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Russia and the alternative to the global world order

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The 10 most important things you need to know on Caspian Sea Region for Monday, May 25

1Azerbaijani Foreign Minister Elmar Mammadyarov is in Moscow where he will hold talks with his Russian counterpart, Sergei Lavrov. The Russian Foreign Ministry said the two will discuss the conflict in the disputed Azerbaijani region of Nagorno-Karabakh and ways to strengthen bilateral ties when they meet on May 25. Strategic partnership between Russia and Azerbaijan is important both in terms of the bilateral cooperation and stability in the South Caucasus, Russian Foreign Minister Sergey Lavrov said. The economic relations between the two countries are developing, the trade turnover has reached its historic high and increased by 12 percent compared to 2014. Many Russian regions have relations with Azerbaijan, said Lavrov adding that preparations for the sixth Russian-Azerbaijani forum in Ekaterinburg are underway.

2Indonesia could soon be purchasing crude oil form Iran and tapping into the Middle Eastern nation’s oil fields. “The government is considering opportunities to buy Iranian crude directly,” said Dadan Kusdiana, spokesman for the Ministry of Energy and Mineral Resources. The United States government and the European Union have blocked the import, purchase and transport of Iranian crude.But Indonesia could soon join other countries in Asia, such as China, India and Japan, and start buying oil from Iran. (Jakarta Globe)

3Azerbaijan and Russia have reached an agreement to hold a joint military exercise in Caspian Sea. Nearly ten surface ships and vessels will take part in the exercise. During the consultations, the representatives of the military delegations agreed to hold an exercise on joint actions to protect marine economic objects in the Caspian Sea in the central part of the sea in September of 2015.

4In 2015 Kazakhstan may increase its grain exports to Iran five times thanks to the Uzen-Bereket-Gorgan railway launched in December 2014, President Nursultan Nazarbayev said when speaking at the annual Astana Economic Forum. The 900-km-long railway link constructed through concerted efforts of the nations involved and launched early December 2014 runs from the Kazakhstan’s steppe across Turkmen Karakumy desert to the mountainous Gulistan province in the North of Iran. The project was bolstered by the Asian Development Bank and the Islamic Development Bank.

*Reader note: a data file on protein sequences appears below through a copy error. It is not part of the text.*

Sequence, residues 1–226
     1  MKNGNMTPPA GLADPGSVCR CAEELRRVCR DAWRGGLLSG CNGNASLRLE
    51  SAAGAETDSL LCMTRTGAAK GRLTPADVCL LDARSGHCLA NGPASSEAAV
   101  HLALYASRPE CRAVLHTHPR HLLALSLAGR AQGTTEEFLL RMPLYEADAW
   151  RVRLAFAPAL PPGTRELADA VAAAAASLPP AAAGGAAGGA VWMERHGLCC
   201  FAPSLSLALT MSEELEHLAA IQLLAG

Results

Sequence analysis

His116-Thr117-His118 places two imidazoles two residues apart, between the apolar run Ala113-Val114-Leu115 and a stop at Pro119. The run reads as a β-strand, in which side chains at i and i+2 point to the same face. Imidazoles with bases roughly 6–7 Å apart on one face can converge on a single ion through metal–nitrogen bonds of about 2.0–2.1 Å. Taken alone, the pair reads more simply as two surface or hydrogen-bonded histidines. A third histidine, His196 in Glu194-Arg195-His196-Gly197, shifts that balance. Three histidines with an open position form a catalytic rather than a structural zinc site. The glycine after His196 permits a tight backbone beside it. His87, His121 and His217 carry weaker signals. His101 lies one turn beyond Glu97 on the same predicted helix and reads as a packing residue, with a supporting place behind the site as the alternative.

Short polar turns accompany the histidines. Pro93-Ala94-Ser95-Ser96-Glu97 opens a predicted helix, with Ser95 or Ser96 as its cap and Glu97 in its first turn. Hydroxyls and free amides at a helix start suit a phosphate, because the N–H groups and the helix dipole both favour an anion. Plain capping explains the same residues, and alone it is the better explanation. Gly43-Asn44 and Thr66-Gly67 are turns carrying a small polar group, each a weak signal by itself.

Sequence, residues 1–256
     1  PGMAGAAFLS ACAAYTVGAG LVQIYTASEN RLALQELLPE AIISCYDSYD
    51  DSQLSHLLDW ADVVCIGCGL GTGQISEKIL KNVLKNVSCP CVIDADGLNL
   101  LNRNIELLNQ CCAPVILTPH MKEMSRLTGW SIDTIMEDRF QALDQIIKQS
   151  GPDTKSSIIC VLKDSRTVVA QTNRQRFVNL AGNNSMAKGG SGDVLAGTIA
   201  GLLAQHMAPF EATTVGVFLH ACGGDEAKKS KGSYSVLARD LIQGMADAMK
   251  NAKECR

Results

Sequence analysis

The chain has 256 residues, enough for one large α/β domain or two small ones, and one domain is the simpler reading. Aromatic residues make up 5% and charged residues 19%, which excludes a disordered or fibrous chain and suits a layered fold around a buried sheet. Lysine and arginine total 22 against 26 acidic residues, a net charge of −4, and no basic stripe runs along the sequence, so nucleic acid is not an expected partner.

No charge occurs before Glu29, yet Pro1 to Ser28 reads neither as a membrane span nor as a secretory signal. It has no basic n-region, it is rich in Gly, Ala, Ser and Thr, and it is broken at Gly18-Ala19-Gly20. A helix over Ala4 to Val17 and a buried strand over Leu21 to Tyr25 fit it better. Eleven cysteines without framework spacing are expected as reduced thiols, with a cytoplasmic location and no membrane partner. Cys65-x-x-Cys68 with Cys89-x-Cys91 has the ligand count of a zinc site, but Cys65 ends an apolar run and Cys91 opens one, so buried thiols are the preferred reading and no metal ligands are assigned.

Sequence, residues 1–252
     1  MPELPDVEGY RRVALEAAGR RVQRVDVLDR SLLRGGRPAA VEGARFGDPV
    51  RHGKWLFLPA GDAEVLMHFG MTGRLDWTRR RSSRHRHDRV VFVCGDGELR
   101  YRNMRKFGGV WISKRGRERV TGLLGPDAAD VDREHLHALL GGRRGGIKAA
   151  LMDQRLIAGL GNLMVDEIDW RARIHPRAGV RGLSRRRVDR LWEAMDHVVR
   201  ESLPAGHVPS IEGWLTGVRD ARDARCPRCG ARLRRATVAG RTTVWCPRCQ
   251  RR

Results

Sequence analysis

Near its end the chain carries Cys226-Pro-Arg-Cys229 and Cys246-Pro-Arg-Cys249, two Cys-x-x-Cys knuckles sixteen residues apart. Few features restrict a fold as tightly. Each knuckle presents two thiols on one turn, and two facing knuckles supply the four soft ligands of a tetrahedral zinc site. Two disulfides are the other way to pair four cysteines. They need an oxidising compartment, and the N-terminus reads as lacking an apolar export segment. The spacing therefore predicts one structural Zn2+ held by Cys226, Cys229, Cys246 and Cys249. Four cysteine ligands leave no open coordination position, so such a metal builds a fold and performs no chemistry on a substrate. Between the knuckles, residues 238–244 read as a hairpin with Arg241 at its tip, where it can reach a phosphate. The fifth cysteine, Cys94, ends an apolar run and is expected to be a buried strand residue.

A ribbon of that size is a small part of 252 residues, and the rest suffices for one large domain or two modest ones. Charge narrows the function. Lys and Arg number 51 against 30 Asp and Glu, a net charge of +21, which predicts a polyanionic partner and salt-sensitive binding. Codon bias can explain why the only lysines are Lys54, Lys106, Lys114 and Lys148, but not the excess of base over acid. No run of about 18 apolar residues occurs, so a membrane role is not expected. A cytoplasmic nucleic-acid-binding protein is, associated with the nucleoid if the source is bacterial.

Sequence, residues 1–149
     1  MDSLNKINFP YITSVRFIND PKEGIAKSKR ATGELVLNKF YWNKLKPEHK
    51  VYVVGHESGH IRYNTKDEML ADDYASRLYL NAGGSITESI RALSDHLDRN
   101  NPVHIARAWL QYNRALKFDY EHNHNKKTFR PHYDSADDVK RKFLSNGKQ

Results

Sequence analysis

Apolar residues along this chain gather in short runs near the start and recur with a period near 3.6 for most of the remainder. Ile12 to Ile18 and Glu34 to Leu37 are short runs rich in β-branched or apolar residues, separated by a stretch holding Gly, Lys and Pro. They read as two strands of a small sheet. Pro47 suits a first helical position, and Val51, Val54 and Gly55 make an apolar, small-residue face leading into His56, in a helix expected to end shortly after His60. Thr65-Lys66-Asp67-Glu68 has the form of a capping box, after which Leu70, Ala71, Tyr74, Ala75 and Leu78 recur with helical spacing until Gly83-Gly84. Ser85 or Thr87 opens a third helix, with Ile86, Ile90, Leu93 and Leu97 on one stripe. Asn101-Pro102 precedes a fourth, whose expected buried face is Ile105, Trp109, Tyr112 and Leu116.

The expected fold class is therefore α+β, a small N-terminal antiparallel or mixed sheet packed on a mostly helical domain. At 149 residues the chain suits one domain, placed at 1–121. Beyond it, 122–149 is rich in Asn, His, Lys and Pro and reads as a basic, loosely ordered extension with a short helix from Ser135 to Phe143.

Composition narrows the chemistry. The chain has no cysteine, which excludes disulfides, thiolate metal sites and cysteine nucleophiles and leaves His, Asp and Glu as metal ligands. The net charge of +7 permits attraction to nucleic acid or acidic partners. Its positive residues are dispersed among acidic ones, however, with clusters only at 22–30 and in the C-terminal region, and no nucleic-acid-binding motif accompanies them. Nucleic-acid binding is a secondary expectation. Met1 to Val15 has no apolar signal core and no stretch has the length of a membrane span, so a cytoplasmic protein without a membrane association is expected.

5Wary of Russia, Europe now tiptoes when it comes to expansion: “In the final declaration agreed on Friday, E.U. leaders recognized the “aspirations and European choice” of their neighbors but offered nothing more. Former Soviet countries that had entertained hopes of joining the European Union as full partners now feel they are being shut out. The newfound caution hands the Kremlin a victory as pressure eases slightly in the Ukrainian crisis. European advocates of a more open-armed approach toward former Soviet nations warn that concessions will only encourage Russia to be more aggressive with its neighbors in the future.” Writes Michael Birnbaum for The Washington Post.

6Invest in Kazakhstan 2015 the official publication of the Government of the Republic of Kazakhstan – is a definitive guide to foreign direct investment, looking at the wide range of opportunities across all major industrial and financial sectors, and how they can be harnessed to efficiently maximize long-term returns. The publication will provide an in-depth view of Kazakhstan’s business environment, with an extended section on Kazakhstan’s key oil and gas industry, as well as a focus on the areas of mining and minerals, construction, power and renewable energy, transport and infrastructure, agriculture, ICT, banking and finance, healthcare, tourism, and education.